The Arvon foundation has just posted a call for contributions from writers on how the writing process works. These contributions may end up in a book called ‘Gists’ , along with pieces by famous writers.
I came across a set of questions and felt compelled to answer the lot in about five minutes. My motivation was not to get into the publication, although of course this would be nice. I really am interested in these kind of questions, and when I looked back on what I had written, it was almost as if this outpouring had been written by someone else. I’ve found this exercise insightful, and have reprinted the questions and my answers below.
It isn’t a polished piece of writing, but in a way it is more honest for not being considered at length. I recommend answering these questions honestly and at speed.
How does a book or piece of writing begin to take shape in your imagination? Do you feel your writing is a process of inventing or discovering?
I write poetry, and my poems may be generated by memories or might triggered by something I read or hear on a radio programme. The material might be outside of my experience, for example, a programme about ballooning in the Ukraine in the 1970’s. I will sit with my pen and somehow enter the space in time until the experience feels personal. In this way a poem will hopefully be ‘true’ even if it is a product of someone elses experience melded with my own imaginative exploration. I belive this to be a process of both invention and discovery. Often, what I feel to be my best work will arrive unbidden, and I will not know the destination of the poem until it is written.
What things trigger your imaginative process (for example, significant personal experiences, particular people, places, objects, dream imagery, myths, history, etc)?
Much of my writing has been about childhood, my own and my son’s.
Having relatives in Italy and traveling there as a child has provided me with a rich seam. My childhood visits appear in Kodachrome colours which I try to translate into words. Also, being born in the 1960’s, I am fascinated with the era and have written several poems which include characters from the time including Richard Burton and Jimi Hendrix.
How do you work – do you plan carefully or explore in the dark, trusting the process?
Some poems are planned in the sense that I will have an idea and work towards getting it on paper. At other times poems will arrive at speed and I will grab a pen and get caught in the flow of words.
Do you feel in control of your writing or are you responsive to the requirements of the work as it unfolds?
When a piece of writing is going well there is a point at which my sense of being on the edge of control and my need to respond to the requirements of the unfolding work are in perfect balance. An analogy might be a motorcyclist who has found a rhythm as he rides a perfectly set-up machine on a challenging track for the first time. It involves total concentration and
is exhilarating . This state of mind is wonderful and unforgettable. It produces a feeling of both excitement and calm.
Do you write a first draft quickly and then revise it, or build carefully from the start?
Generally I will write a first draft quickly. This enables me to capture any ideas or words. I may re-draft and be satisfied with the result a few hours later, or still be re-drafting after years.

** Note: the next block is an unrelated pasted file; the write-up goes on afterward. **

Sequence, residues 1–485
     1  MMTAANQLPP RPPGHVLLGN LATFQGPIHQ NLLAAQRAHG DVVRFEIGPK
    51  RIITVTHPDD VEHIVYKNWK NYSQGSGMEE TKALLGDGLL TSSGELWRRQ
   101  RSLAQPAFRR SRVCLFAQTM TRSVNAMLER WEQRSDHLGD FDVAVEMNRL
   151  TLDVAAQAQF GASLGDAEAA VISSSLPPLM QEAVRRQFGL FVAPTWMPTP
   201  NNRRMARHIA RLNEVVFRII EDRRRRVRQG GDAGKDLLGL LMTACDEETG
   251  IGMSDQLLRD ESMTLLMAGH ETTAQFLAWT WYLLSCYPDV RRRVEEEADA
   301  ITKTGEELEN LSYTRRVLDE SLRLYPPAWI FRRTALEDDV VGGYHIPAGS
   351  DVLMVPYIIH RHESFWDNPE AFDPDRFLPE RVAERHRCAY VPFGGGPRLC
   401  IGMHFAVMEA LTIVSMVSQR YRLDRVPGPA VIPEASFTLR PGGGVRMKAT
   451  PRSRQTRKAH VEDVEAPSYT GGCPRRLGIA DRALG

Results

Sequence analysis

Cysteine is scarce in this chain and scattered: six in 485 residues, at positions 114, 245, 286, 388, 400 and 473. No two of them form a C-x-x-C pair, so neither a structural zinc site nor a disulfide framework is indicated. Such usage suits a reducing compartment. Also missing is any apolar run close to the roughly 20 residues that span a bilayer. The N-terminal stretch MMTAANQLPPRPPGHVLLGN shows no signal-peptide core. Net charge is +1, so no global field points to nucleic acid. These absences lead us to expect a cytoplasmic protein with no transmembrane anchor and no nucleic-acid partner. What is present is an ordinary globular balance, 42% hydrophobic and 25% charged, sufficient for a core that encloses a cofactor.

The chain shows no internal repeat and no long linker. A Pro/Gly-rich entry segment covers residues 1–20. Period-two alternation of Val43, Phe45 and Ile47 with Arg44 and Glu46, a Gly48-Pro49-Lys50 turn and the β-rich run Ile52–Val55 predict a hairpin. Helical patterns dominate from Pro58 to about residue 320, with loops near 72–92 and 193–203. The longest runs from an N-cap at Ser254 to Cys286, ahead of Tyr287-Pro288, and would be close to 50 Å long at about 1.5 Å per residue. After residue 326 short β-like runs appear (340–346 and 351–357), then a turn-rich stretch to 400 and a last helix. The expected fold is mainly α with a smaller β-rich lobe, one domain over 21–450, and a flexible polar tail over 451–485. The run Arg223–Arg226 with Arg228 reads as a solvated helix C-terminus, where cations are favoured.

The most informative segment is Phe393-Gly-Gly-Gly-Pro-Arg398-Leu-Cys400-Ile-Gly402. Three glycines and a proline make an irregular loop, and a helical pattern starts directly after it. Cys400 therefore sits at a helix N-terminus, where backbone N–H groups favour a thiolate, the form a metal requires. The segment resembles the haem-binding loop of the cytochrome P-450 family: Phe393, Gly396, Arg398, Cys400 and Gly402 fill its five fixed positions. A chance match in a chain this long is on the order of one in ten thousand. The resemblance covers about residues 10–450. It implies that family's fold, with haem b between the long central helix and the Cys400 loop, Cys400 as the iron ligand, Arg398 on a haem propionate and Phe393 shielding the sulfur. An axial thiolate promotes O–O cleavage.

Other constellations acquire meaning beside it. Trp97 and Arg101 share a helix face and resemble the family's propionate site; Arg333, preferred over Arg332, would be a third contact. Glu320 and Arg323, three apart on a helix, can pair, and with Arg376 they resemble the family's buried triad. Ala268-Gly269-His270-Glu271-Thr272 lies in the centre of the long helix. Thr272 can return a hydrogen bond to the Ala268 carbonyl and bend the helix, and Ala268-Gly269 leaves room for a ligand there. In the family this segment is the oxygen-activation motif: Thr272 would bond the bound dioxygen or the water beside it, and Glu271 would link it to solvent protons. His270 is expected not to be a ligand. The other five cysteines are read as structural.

How do you deal with blocks in the writing process?
I don’t use the term ‘block’. I regard periods of non-writing as natural and necessary. I don’t panic if I’m not writing, preferring instead to trust that poems will come when they and I are both ready.
Do you write in service of any particular values?
I think all writers are unable to keep underlying values out of their work. Political values, ethical values. More specifically,one of the values explored in my case is the importance of family connection and continuity between generations, for better or worse.
What have you learned from the practice of your craft?
I’ve learnt quite a lot of facts through researching subjects.
My terrible spelling has improved.
I’ve learnt that I value concision and balance in a poem.
Also that an apprenticeship that must be served.
That to be a writer one must write.
That talent alone will not suffice.
That the judgement of others should be considered,
but that one must write for oneself.
What is the relationship between the writer’s imagination and that of the reader?
Readers will bring and invest their own experience to a poem. For example, a reader told me how a poem of mine took her to a particular time and place in her own life. I had created the poem purely from imagination, yet the reader actually had the experience and could remember what I had written about. This is one reason why I write; there is no boundary, no limit between the imaginations of writer and reader and no telling the outcome of their meeting.
Do writers have any moral responsibility in their work, wider than fidelity to their personal vision?
I don’t feel a moral responsibility when I’m writing a poem, but I am pleased when my work addresses political issues, however obliquely. I have once or twice consciously addressed ‘moral’ issues, for example the sending of National Service personnel to war in the 1950’s, which I regard as shocking abuse of the power of the state. I feel that poetry can make a reader reflect and understand the meaning of events better than any other medium. This is why Wilfred Owen’s and Issac Rosenberg’s work is relevent almost a century after it was written.